Throughout history, there have been men.
If this thought fills you with fear and revulsion, I have just the place for you: Springfield College in Springfield, Massachusetts. It’s a mid-tier college, and that’s part of the good news: You no longer have to fork over hefty Ivy League tuition fees for your children to imbibe the latest in trendy gender ideas.
While Springfield has not yet been able to abolish men, it has taken an important step in the right direction by banning the “Men in Literature” course and making life a living hell for the miscreant (a man, wouldn’t you just know it?) who dared to expound on this unsavory topic.
The male offender is Dennis Gouws. Gouws, from all we can tell, never intended to become a campus radical. “[Gouws] never set out to be a gadfly against progressive dogma or a stalwart opponent of the ideological regime,” Peter Wood, president of the National Association of Scholars, writes. “He was, to the contrary, picked for the part by the regime itself. He had made his own adjustments to the contemporary preoccupation with ‘gender’ by devising an experimental course in 2005 titled ‘Men in Literature.’”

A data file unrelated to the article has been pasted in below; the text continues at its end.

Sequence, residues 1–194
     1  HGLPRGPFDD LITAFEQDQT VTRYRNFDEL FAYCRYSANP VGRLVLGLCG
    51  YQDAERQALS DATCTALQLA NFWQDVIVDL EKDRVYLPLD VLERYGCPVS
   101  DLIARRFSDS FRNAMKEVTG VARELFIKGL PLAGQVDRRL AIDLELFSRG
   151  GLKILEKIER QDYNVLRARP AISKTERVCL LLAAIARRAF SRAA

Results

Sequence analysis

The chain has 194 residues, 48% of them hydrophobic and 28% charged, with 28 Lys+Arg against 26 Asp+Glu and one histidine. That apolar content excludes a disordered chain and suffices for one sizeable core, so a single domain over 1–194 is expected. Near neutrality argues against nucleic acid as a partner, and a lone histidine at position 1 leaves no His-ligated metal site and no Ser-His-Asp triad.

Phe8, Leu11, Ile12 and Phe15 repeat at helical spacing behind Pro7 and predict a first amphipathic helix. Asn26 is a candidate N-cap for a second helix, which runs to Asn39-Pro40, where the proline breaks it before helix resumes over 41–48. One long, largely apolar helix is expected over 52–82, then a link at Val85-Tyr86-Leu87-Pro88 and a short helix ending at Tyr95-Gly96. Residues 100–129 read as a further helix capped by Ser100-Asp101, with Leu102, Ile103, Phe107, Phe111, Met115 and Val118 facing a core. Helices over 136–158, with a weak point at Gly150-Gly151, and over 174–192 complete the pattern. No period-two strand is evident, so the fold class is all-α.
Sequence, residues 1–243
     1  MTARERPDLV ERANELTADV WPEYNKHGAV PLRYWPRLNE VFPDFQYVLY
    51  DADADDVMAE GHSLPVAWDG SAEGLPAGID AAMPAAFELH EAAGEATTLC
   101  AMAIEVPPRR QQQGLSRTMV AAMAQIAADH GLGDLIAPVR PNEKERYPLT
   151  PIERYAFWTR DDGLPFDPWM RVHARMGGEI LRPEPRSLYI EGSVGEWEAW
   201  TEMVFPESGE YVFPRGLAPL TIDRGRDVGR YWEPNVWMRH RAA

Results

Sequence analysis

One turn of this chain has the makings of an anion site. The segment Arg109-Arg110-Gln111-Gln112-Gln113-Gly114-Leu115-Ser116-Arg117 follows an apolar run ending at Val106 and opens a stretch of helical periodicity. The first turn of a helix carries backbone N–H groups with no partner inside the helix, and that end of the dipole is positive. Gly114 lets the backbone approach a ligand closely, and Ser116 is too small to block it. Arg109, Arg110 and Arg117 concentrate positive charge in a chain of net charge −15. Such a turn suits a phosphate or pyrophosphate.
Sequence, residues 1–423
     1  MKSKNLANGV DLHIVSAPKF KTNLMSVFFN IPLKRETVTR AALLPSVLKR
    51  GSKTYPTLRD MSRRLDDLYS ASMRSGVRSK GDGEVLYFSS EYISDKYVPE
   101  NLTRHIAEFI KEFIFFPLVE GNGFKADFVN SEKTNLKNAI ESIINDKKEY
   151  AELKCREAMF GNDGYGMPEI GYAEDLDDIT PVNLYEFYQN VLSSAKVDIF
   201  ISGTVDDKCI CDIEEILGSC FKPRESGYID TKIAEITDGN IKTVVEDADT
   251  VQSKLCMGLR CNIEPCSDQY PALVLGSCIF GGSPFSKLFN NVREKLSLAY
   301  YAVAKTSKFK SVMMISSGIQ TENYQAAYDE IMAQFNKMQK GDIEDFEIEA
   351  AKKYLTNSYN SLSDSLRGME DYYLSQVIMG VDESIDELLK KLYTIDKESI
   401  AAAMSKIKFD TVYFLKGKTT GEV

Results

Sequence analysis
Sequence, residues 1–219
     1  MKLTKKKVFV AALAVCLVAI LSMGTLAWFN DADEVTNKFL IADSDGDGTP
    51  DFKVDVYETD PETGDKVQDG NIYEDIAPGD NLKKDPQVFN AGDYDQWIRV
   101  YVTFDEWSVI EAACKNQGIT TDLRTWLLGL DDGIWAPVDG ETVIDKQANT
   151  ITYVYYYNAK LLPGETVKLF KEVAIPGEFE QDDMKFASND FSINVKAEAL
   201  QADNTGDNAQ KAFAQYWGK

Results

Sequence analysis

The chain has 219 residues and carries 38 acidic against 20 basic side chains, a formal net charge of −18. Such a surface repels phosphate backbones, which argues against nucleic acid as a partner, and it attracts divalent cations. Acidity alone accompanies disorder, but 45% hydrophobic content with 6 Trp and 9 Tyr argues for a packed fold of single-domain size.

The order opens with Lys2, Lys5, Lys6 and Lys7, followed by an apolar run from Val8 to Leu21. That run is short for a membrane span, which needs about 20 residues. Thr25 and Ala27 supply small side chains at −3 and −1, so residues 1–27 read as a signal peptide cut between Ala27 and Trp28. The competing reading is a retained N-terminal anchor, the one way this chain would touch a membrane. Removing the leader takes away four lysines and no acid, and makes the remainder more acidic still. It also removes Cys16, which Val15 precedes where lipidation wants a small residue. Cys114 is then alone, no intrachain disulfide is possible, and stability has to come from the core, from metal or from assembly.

The course became part of the curriculum, and at first there appeared not to have been a problem. Wood reports: “’Men in Literature’ seemed to have settled uncontroversially into a curriculum that also includes ‘Women and Literature’ and ‘Native American Literature,’ as well as numerous other courses that do not look ‘literary’ in character, including ‘Nature and Environmental Writers’ (deals with ‘spiritual issues and environmental issues and responsibilities’); ‘Business and Professional Speaking’; and ‘Film as a Narrative Art’. As far as we know none of these courses have been similarly challenged by the department chair or other Springfield College authorities as illegitimate.”
Gouws also taught writing courses, and here the trouble that would lead to the cancellation began. With professors free to develop their own content for writing classes, Gouws did something utterly unconscionable. His final essay exam was this: “The exam will be an essay which requires students to write about how men are treated in their respective academic environments.”